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Film / Victoria (2015)

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Victoria is a 2015 German drama film directed by Sebastian Schipper, starring Laia Costa and Frederick Lau. The film is noteworthy for its filming style of being shot in a single continuous take.

A young Spanish woman who has newly moved to Berlin finds her flirtation with a local guy turn potentially deadly as their night out with his friends reveals a dangerous secret.

This film provides examples of:

  • Bittersweet Ending: A little bit more bitter than sweet, also overlapping with No Ending due to many hanging threads. Victoria manages to make it out with the money, but Sonne, Blinker and Boxer are dead. Fuß will likely be interrogated by the police after waking up and Andi, the gangster who the group had to rob money in the first place, hasn't been repaid and threatened to take Victoria hostage if he wasn't. And Victoria never opened her cafe.
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  • Children Are Innocent: Exploited by Sonne and Victoria. They hijack someone's baby to appear more innocent on their way out of the police-surrounded building.
  • Death Is Dramatic: Victoria's dramatic crying fit when Sonne dies on the hotel bed.
  • The Driver: Victoria accepts this role after Sonne and Boxer implore her to, though she doesn't seem to understand the full implications until much later.
  • The Dulcinea Effect: Downplayed. Victoria falls into the group's life of crime rather easily (shoplifting with Sonne after knowing him for only a few minutes), agreeing to be their driver after knowing them for less than an hour. She also refuses to run or leave Sonne's side even after things go south.
  • Extremely Short Timespan: The film takes place over the course of only a couple of hours during a morning in Berlin.
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  • Film Noir: To the extent that it was the closer for 2017's Noir City film festival.
  • Final Girl: Victoria comes out as the only survivor of the group, although an intoxicated Fuß, despite being rendered unconscious before the mission, is implied to still be alive after being found by the police.
  • Hassle-Free Hotwire: Boxer is an expert in hot-wiring cars. When the escape car turns off in front of the bank, he gets it to start up in a couple of seconds by fiddling around with the wires.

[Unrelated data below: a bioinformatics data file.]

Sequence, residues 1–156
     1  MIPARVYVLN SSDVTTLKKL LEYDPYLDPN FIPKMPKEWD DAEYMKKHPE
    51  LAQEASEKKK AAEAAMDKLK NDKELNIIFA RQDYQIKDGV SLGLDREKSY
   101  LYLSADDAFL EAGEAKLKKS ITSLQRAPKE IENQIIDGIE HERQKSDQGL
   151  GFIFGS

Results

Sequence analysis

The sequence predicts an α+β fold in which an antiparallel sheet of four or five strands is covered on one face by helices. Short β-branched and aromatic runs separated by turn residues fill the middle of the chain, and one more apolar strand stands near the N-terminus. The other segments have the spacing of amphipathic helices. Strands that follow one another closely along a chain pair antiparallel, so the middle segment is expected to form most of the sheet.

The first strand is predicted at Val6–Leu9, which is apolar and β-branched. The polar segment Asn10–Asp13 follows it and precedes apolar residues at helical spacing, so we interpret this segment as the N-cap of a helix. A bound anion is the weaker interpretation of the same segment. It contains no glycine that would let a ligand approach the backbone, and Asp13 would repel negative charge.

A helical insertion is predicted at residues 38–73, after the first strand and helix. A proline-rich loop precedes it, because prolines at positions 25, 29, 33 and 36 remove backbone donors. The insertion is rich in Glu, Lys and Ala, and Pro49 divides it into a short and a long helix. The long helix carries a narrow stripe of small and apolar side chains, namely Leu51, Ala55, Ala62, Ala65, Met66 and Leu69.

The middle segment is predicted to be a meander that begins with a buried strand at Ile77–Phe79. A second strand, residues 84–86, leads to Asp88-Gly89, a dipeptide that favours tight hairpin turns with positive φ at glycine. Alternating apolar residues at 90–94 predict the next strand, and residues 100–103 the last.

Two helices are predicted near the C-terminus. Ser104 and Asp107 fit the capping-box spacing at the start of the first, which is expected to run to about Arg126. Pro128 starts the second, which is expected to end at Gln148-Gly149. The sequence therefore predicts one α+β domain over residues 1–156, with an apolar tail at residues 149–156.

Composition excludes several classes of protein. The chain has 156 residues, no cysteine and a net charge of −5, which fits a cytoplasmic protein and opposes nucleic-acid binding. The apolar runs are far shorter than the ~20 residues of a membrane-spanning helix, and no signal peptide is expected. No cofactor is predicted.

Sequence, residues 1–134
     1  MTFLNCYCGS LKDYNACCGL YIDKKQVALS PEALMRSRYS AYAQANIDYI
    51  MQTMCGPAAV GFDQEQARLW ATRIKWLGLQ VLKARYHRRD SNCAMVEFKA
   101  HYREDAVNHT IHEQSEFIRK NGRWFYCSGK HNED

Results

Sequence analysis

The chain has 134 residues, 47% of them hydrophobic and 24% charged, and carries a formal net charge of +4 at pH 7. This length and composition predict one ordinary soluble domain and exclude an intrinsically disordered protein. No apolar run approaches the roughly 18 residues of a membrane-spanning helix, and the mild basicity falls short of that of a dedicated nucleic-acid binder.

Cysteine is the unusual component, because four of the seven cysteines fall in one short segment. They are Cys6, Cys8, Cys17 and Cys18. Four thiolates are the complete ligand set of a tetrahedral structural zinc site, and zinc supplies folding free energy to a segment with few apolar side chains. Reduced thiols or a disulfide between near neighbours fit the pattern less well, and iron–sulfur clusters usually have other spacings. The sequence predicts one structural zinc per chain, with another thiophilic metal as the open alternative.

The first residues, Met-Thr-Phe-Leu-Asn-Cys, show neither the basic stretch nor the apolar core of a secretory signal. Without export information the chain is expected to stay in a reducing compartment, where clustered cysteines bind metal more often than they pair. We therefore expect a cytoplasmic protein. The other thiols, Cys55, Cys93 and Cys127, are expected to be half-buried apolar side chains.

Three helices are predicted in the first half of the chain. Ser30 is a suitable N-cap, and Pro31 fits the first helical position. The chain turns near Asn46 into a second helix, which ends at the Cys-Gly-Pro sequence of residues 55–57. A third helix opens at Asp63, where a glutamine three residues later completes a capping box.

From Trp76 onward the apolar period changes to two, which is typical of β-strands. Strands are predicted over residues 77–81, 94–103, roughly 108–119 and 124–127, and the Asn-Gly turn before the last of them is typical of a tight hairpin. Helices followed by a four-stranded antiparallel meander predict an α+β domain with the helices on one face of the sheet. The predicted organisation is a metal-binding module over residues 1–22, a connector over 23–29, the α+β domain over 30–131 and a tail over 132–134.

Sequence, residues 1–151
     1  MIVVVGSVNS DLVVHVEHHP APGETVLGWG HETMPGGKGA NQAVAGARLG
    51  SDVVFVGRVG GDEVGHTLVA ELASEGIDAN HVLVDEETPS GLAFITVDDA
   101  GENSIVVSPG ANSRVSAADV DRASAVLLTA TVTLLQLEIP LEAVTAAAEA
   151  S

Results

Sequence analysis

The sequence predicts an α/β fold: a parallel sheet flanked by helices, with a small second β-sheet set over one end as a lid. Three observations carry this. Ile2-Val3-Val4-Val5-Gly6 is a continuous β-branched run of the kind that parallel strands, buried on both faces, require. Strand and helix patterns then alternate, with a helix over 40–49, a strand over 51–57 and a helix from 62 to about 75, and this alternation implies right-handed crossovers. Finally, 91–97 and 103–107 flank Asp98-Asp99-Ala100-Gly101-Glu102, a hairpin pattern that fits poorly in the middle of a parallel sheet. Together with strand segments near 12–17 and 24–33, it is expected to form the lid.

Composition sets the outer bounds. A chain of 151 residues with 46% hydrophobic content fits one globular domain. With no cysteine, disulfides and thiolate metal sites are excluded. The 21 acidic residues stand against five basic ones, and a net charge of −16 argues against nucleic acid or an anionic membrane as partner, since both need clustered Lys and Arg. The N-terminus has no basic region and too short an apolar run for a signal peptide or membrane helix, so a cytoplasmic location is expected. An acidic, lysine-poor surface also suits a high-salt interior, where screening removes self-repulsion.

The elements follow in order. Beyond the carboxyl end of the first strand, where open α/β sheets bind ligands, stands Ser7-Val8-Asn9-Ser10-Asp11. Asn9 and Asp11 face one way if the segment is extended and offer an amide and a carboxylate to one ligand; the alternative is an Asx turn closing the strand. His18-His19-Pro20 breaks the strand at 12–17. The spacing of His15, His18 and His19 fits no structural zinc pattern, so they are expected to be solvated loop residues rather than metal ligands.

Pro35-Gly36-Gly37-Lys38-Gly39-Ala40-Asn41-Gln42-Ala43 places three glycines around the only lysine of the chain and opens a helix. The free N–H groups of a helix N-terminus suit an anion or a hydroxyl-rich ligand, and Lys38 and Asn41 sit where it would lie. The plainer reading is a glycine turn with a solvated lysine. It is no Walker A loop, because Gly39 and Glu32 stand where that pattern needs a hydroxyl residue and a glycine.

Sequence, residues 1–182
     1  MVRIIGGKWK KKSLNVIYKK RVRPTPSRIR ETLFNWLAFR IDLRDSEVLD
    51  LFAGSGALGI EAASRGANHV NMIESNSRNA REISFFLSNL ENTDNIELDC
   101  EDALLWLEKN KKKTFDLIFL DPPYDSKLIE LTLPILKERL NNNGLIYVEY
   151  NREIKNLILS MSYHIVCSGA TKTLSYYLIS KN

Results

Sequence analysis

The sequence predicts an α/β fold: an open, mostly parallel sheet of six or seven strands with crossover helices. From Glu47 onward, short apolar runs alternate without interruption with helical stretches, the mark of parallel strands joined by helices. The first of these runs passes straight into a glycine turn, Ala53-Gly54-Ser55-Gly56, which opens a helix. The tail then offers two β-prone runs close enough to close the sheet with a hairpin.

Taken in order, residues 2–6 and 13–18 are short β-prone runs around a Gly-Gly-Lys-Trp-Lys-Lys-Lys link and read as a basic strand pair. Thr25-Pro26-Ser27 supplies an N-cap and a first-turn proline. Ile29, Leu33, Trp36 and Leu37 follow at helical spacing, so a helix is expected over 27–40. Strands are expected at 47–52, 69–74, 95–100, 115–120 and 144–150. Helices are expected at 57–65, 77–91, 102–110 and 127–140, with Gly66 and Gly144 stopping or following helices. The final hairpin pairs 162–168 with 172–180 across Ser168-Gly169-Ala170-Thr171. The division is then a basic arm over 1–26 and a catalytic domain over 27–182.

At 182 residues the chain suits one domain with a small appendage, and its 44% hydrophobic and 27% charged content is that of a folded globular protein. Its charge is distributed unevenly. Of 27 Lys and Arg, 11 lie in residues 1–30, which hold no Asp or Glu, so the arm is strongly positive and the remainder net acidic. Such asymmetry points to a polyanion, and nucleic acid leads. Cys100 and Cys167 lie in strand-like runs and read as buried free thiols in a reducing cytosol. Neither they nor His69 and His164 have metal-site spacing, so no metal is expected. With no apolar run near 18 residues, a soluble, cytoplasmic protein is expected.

• Heroic Sacrifice: Boxer sacrifices himself in a police shootout so that Victoria and Sonne can escape.
  • Hope Spot: Victoria and Sonne escape the police and make it to a hotel with the money, only for Victoria tor realize that Sonne's been shot and is dying.
  • Idiot Ball: The group fails to ditch the car used in the crime (and even return to it) and leave one of their intoxicated co-conspirators inside, go out partying in a club after the robbery instead of laying low, and continue to stay together after it's obvious that the police are looking for a group of young male criminals.
  • I'm Cold... So Cold...: Sonne utters this line in his final moments at the hotel room.
  • The Mafiya: The group has to steal thousands of Euros to repay a gangster named Andi, who ensured Boxer's safety when the latter was in prison.
  • Mood Whiplash: Victoria and the guys party in a club after the robbery is apparently a success. A few minutes later, they realize that Fuss has been arrested, and spend the rest of the movie on the run and in danger.
  • My Car Hates Me: The getaway car stalls on Victoria at the exact moment she's supposed to be driving away.
  • Naked People Are Funny: Boxer and Blinker strip down in the club, leading to all of them being thrown out.
  • Off-into-the-Distance Ending: The movie ends with Victoria walking off into the streets of Berlin.
  • Oh, Crap!: Sonne and Victoria, when they realize the apartment they're hiding in has a baby in it.
  • The Oner: The movie's most memorable feature is being shot in a single take. It took three tries for the director to get it exactly the way he wanted it. They were able to secure funding for the movie by first shooting a version with ten-minute-long jump cuts to fall back on. Once that version was ready, they had the budget for three attempts on the originally planned single-take production.
  • Only Known by Their Nickname: The four boys in the group are named Sonne, Boxer, Blinker and Fuß.
  • Police Are Useless: Averted. An hour after the coup, the police are already on the heroes' heels.
  • Realistic Diction Is Unrealistic: Averted. Much of the dialogue is improvised, and the characters often mumble, trip over their words, and repeat themselves.
  • Real Time: The film plays out in real time, naturally.
  • Secret Stab Wound: Sonne hides the gunshot he received in the shootout with the police until it overwhelms him at the hotel.
  • Sitting on the Roof: The boys' favorite place is on a building's rooftop.
  • Translation Convention: Mostly averted. Victoria speaks no German, but only Sonne has a firm grasp of English. The rest of the characters speak German, while Victoria occasionally lapses into Spanish.
  • Uncomfortable Elevator Moment: Sonne mentions this when he and Victoria enter an elevator.
    Sonne: Now you have to be very silent, you know, because nobody talks in Germany in an elevator. It's forbidden.
  • Vomit Indiscretion Shot: Fuß vomits on the floor of the cafe.